Native American Tribes

Cannabis laws on public eventsI’ve said it before and I’ll say it again–more state regulation of marijuana is going to lead to fewer and fewer cannabis cups and similar marijuana events and this in turn will force the purveyors of such events to get creative. Case in point: the 2017 High Times Cannabis Cup on the Moapa Band of

Tribal CannabisIn December, 2014, the Department of Justice stated it would not prosecute federal laws regulating the growing or selling of marijuana on tribal lands, even in states where cannabis is illegal. Monty Wilkinson, Director for the Executive Office for U.S. Attorneys, authored the statement, and it seemed to give Tribes the opportunity to become cannabis players because of their unique sovereign status. Though the Wilkinson Statement did not constitute a change of laws or a repeal of the federal Controlled Substances Act, most of what it means is that the eight enforcement priorities outlined in Cole Memo, in addition to consultation with tribal leaders, would guide U.S. Attorneys’ enforcement of federal marijuana laws on tribal lands.

However, as noted in Is Tribal Cannabis Still Possible, the Feds, haven’t really taken the Wilkinson Statement to heart when it comes to tribes that (1) have tried to engage in some aspect of the cannabis industry without entering into a compact with the states; and that (2) are not located in states with some form of robustly regulated marijuana laws.
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In 2014, the Department of Justice (DOJ) issued an enforcement memo addressing how Tribes can fit into marijuana legalization. Though that memo neither legalizes marijuana for Tribes nor makes any changes to federal drug laws, it states that Tribes will essentially be given a pass, like states, to legalize marijuana in accordance with current DOJ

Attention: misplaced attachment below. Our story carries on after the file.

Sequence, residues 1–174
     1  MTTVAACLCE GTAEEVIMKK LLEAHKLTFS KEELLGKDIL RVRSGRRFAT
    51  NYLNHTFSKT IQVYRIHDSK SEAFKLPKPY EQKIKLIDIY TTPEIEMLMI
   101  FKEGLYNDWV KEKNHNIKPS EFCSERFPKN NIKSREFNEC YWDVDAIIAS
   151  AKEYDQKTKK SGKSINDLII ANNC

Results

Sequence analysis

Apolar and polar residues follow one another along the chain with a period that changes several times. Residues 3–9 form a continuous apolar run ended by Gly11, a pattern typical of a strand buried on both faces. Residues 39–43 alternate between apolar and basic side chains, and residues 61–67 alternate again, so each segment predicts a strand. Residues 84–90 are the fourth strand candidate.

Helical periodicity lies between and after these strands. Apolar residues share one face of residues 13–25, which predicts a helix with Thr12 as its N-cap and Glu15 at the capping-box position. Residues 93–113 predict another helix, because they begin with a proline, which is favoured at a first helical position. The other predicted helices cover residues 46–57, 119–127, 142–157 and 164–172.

Tribal Marijuana CompactThe Suquamish Tribe and the State of Washington recently signed and entered into the first ever marijuana compact to allow a Native American Tribe to cultivate, process, and sell marijuana within a state’s highly regulated marijuana system. The Tribe’s own marijuana regulations have not been disclosed to the public. We previously blogged about how Washington was the first state to adopt a compacting system for tribes and regulated marijuana, but this signed compact reveals more about what tribes can expect when they “partner” with Washington state on cannabis.

The Washington State Liquor and Cannabis Board negotiated the compact with the Suquamish Tribe on behalf of the state. In the compact, the state gives its own interpretation of the Wilkinson statement, writing that “[t]hat memo effectively treats tribal governments the same as state governments in the decision to legalize marijuana.” The compact also describes the existing state of cannabis on Suquamish land:

“After serious deliberation, the Tribe, as a sovereign nation, has also determined that present day circumstances make a complete ban of marijuana within Indian Country ineffective and unrealistic and has decriminalized its sale and possession in certain circumstances. At the same time, consistent with the federal priorities, the need still exists for strict regulation and control over the production, processing, delivery, distribution, sale, and use of marijuana in Indian Country.”

The state and the Tribe signed the compact “to strengthen their ability to … provide a framework for cooperation to ensure a robust tribal and state regulatory and enforcement system sufficient to meet the federal priorities.”

Here are some highlights from the compact:
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The Oregon Tribal Cannabis Seminar is tomorrow
The Oregon Tribal Cannabis Seminar is tomorrow

Tomorrow at the Oregon Convention Center in Portland, Oregon, Robert McVay of our law firm will be speaking on cannabis issues as they relate to Native American Tribes. Robert will be doing so as part of this Law Seminars International seminar: Tribal Participation in